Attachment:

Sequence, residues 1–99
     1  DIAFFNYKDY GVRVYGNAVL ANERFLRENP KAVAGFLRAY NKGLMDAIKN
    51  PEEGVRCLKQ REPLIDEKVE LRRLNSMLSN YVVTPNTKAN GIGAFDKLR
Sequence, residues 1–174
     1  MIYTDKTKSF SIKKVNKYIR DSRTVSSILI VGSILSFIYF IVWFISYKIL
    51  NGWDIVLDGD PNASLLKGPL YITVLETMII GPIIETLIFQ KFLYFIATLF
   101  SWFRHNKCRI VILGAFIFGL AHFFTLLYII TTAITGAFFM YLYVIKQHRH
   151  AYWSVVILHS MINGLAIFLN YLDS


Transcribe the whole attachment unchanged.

Sequence, residues 1–99
     1  DIAFFNYKDY GVRVYGNAVL ANERFLRENP KAVAGFLRAY NKGLMDAIKN
    51  PEEGVRCLKQ REPLIDEKVE LRRLNSMLSN YVVTPNTKAN GIGAFDKLR
Sequence, residues 1–174
     1  MIYTDKTKSF SIKKVNKYIR DSRTVSSILI VGSILSFIYF IVWFISYKIL
    51  NGWDIVLDGD PNASLLKGPL YITVLETMII GPIIETLIFQ KFLYFIATLF
   101  SWFRHNKCRI VILGAFIFGL AHFFTLLYII TTAITGAFFM YLYVIKQHRH
   151  AYWSVVILHS MINGLAIFLN YLDS